jQuery is a JavaScript library. Okay, that might not make much sense. What's a JavaScript library? A JavaScript library is a collection of code that you use when you want to get access to additional functionality or make life easier. jQuery does both.

jQuery is quite popular. Although there are no accurate statistics to show how often jQuery is used, cursory glances at popular sites show that jQuery is all over the web.

jQuery also makes cross-browser development easier. Though you haven't seen much of it so far, support for JavaScript differs widely from browser to browser and from version to version. What works in Firefox might not work at all in Internet Explorer or might work completely the opposite.

A favorite example of how JavaScript support differs from browser to browser involves the handling of dates. There is a certain JavaScript function that returns the year. For example, assuming it's 2008 when you call the function, JavaScript is supposed to return 2008 — but that isn't always the case, depending on which browser you're using.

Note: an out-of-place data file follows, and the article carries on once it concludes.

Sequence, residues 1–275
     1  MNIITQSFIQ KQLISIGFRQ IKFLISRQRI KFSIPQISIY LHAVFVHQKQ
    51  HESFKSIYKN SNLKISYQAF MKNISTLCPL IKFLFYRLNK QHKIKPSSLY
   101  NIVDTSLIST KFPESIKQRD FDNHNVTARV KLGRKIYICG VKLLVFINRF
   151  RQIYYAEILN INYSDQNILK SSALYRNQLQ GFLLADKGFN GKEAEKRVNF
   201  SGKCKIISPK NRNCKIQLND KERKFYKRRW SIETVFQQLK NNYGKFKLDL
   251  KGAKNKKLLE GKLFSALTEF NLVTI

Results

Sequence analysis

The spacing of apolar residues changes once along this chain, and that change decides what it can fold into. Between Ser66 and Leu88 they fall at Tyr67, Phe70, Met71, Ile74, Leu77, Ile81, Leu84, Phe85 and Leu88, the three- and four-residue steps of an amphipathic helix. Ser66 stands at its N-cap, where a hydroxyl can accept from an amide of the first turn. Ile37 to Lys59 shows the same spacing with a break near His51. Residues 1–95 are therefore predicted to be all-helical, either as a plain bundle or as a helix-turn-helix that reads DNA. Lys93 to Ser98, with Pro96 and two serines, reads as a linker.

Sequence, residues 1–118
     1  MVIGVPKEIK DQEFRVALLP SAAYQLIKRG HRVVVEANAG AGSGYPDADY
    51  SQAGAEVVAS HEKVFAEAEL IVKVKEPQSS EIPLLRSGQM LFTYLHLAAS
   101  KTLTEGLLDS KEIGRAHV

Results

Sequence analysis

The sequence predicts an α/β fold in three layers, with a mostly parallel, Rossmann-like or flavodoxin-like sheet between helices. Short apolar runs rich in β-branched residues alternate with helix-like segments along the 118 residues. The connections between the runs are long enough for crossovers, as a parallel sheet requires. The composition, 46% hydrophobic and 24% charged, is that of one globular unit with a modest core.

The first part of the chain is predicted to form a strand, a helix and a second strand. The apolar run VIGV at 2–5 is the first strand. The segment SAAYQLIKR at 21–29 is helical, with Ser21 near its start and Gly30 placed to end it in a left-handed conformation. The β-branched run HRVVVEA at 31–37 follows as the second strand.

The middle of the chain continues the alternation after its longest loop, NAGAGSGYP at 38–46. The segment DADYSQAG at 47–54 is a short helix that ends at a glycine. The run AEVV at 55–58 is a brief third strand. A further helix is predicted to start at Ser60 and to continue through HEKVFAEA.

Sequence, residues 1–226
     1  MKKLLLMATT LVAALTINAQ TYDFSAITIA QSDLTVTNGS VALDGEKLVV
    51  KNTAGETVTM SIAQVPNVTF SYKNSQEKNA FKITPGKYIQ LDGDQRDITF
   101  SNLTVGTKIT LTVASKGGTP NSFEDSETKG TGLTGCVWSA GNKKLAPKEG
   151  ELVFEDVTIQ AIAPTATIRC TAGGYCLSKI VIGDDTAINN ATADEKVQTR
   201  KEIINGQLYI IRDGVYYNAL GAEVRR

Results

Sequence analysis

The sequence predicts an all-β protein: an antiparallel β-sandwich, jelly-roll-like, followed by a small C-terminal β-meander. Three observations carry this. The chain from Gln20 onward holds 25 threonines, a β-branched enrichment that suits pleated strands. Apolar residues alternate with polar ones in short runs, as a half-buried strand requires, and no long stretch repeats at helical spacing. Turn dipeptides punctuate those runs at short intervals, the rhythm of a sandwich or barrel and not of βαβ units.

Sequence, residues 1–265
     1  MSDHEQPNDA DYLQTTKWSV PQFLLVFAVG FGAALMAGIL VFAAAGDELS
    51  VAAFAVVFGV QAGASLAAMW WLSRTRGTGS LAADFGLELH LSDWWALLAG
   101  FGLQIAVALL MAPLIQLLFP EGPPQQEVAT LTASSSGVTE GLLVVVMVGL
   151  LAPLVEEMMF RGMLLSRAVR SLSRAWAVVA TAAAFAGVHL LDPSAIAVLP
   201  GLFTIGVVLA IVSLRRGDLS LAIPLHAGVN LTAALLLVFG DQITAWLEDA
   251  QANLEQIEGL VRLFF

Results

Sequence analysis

When that function is used in Firefox or Safari, you receive the full year, 2008, as you'd expect. When you use JavaScript in Internet Explorer, you receive the number of years that have elapsed since 1900. When the year is 2008, you'd receive 108 back from Internet Explorer. Obviously if you're trying to do any sort of date calculation with that value, it's going to be wildly askew.

Which browser is right? It doesn't really matter. What's important is that the browser manufacturers read the JavaScript specification differently and in the end return different things for the same function.

Unfortunately, the date example is but one of many such examples (some much more serious than that) where browsers differ in how they implement JavaScript. The good news is that jQuery takes that complication away. jQuery's functions figure out what browser is being used in an accurate way and then account for it in order to make the browser behave in a consistent manner.